Setting the Scene

Victorian England

To really understand a person it is necessary to understand also the time and society in which he lived. This section explains how that of Britain in 1864, the year of Rivers’ birth, differed greatly to that we know today. The issues mentioned, due to the need for brevity,  will usually be those most relevant to the aim of the site

The country was at the height of its empirical power and at the forefront of industrial development. Only half a century from the victories of Trafalgar and Waterloo, the army and navy were respected abroad and probably as well- trained as they ever had been.

To those in power, and to the ‘leisure classes’ the future must have looked reasonably bright but for others, little had changed. Vast monuments costing huge amounts of money, proclaiming the funders’ name could be found not a great distance from people who lived on the streets (consider the proximity of the infamous St Giles Rookery to the Houses of Parliament); a man feasting on wine and several courses of food could look out of his window and watch a child who had hardly eaten in a week , without compunction to go out and help them. A person was expected to ‘know his or her place’, whether they be male or female, rich or poor, and sadly the majority of the population was more than likely clinging to the breadline. Women, ideally, were supposed to stay in the home, cook, clean and look after the family whilst men (and older children) worked, often more than 12 hours per day.

In reality, a great deal of working class women also worked, in order to keep the family from starvation and the only options for anyone who couldn’t work were to rely on help from relations, friends and the Parish or, God forbid, the dreaded workhouse. An unemployed person, whatever the reason, was generally regarded as lazy or shirking and this was a Great Sin .To be admitted to the Workhouse or ‘Union’ as some of the institutions were known was a thing of shame and risked falling into hardly less cruel conditions; families were separated, the labour intensive and the meals often consisting merely of thin soup and bread. Punishment for any misdemeanour would be probably as harsh as in jail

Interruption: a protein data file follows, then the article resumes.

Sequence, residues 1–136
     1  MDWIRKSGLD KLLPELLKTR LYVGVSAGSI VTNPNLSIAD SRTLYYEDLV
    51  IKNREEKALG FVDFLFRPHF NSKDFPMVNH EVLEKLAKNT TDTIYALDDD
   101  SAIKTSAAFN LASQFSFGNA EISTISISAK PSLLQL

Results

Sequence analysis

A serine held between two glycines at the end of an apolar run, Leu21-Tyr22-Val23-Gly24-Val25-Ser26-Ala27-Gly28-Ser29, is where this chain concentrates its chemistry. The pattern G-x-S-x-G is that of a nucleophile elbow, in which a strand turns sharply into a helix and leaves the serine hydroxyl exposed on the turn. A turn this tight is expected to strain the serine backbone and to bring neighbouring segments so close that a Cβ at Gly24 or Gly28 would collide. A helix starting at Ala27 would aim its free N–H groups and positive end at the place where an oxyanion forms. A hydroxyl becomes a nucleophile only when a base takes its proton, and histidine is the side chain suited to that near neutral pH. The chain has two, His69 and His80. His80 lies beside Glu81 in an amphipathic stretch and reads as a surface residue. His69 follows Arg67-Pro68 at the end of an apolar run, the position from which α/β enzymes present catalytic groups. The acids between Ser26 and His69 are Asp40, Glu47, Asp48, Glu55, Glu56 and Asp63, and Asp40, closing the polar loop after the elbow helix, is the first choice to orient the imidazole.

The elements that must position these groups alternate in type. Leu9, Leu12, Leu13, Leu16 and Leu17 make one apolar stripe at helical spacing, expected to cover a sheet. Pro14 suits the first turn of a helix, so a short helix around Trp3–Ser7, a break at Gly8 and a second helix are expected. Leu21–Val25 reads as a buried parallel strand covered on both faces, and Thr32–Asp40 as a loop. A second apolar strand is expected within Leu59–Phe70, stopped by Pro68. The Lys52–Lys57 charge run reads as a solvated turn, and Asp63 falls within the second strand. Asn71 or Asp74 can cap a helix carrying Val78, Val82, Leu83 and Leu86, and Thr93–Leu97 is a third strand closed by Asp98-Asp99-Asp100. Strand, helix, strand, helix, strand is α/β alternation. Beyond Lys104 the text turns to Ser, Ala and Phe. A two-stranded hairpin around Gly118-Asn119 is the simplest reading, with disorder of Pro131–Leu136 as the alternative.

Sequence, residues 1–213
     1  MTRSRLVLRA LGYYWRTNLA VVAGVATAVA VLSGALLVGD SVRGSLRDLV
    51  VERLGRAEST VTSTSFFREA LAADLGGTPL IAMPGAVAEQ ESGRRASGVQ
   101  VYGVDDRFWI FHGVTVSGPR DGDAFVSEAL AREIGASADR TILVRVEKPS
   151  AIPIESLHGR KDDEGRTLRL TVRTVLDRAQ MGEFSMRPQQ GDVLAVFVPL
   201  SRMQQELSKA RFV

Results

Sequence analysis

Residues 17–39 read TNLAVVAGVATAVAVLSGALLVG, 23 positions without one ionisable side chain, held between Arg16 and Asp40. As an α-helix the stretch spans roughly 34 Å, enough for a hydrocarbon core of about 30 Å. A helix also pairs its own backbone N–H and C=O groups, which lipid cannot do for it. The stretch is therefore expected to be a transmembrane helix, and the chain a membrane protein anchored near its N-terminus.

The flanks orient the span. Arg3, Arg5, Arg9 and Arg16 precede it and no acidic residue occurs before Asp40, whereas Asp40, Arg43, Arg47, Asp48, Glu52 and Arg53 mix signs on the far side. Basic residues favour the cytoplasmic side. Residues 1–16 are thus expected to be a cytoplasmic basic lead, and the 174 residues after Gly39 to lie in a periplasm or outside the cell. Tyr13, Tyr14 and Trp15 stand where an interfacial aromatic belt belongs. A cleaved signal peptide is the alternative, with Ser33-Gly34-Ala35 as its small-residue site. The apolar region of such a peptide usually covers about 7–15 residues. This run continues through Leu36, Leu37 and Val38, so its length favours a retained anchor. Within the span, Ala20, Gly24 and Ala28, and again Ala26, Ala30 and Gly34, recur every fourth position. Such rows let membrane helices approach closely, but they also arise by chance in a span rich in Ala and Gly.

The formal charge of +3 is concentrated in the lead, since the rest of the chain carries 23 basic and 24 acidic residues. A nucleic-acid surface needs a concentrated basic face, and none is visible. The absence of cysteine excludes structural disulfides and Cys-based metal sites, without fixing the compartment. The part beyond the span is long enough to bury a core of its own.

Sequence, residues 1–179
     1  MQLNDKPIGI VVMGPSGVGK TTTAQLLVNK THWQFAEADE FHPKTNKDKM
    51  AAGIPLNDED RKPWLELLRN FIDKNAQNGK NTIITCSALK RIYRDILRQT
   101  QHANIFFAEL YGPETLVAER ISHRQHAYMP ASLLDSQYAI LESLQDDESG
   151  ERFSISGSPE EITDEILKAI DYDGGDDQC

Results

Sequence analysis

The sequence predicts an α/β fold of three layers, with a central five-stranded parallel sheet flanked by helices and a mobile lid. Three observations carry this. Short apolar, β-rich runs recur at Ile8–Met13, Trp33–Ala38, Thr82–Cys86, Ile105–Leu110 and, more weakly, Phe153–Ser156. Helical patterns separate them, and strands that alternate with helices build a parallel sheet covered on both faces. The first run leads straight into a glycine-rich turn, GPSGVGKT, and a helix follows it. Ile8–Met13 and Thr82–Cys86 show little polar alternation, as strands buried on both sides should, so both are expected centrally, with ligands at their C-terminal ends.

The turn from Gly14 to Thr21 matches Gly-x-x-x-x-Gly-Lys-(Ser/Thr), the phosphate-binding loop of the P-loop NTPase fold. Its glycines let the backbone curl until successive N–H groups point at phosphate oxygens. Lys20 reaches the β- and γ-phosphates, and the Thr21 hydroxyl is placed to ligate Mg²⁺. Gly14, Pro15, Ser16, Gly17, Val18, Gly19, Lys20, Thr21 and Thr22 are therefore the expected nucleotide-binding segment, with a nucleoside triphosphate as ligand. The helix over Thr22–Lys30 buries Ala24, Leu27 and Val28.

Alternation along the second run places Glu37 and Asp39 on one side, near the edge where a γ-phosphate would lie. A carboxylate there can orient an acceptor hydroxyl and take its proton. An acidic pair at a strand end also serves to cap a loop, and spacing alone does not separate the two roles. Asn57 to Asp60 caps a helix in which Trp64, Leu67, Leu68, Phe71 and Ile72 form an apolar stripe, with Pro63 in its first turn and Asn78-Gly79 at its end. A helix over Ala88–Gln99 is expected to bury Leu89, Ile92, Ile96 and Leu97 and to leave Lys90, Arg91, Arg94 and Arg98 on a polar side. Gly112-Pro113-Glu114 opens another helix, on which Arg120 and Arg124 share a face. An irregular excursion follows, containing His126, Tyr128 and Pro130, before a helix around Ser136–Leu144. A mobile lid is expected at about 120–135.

Religion, Protestant, Anglican or Catholic was still important to many and its strictures more strict than they had been since Puritan times, despite the publication of Darwin’s theories a few years earlier. Too frequently, God was used as a figurehead, religion an excuse to push objectors into obedience Morals and religious adherence to the Ten Commandments and similar were greatly emphasised, particularly in anything that was connected with either sex or laxness. The former began to be looked upon as something almost criminal that should never be mentioned, or even inferred to, in front of females, and that certainly should not be indulged in before marriage – and when it was, the decent females was to show no enjoyment of the act. Men, were allowed to take pleasure from intercourse but largely because it was seen as vital to their health that they should indulge in it whereas it was merely their wives duty to let them. This strict outlook, in fairness, was likely in reaction to the growing number of illegitimate children being registered as reliant ‘on the parish’, and the rise in population in general (which had tripled in a century http://www.hiddenlives.org.uk/articles/poverty.html ) but one might argue that the notion went a little too far when it became utterly rude for a woman’s ankle’s to be seen in public and for a man to refer to a chair’s (or any other furniture’s) legs lest he be, in reality, suggesting a females…